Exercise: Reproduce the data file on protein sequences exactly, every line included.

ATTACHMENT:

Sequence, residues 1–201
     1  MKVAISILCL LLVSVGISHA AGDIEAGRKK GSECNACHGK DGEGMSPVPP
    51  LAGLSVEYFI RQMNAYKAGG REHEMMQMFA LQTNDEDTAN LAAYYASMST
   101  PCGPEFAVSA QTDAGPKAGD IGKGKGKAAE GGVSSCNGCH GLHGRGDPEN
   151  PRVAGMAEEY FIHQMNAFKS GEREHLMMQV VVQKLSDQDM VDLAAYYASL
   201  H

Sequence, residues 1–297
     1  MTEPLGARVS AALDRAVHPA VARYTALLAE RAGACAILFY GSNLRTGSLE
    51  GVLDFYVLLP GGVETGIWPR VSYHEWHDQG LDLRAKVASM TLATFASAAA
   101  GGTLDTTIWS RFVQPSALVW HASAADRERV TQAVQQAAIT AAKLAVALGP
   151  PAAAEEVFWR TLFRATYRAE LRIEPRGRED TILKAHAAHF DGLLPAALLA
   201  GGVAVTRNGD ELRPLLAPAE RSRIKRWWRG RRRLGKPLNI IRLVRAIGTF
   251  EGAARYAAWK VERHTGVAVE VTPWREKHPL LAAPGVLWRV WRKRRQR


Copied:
Sequence, residues 1–201
     1  MKVAISILCL LLVSVGISHA AGDIEAGRKK GSECNACHGK DGEGMSPVPP
    51  LAGLSVEYFI RQMNAYKAGG REHEMMQMFA LQTNDEDTAN LAAYYASMST
   101  PCGPEFAVSA QTDAGPKAGD IGKGKGKAAE GGVSSCNGCH GLHGRGDPEN
   151  PRVAGMAEEY FIHQMNAFKS GEREHLMMQV VVQKLSDQDM VDLAAYYASL
   201  H

Sequence, residues 1–297
     1  MTEPLGARVS AALDRAVHPA VARYTALLAE RAGACAILFY GSNLRTGSLE
    51  GVLDFYVLLP GGVETGIWPR VSYHEWHDQG LDLRAKVASM TLATFASAAA
   101  GGTLDTTIWS RFVQPSALVW HASAADRERV TQAVQQAAIT AAKLAVALGP
   151  PAAAEEVFWR TLFRATYRAE LRIEPRGRED TILKAHAAHF DGLLPAALLA
   201  GGVAVTRNGD ELRPLLAPAE RSRIKRWWRG RRRLGKPLNI IRLVRAIGTF
   251  EGAARYAAWK VERHTGVAVE VTPWREKHPL LAAPGVLWRV WRKRRQR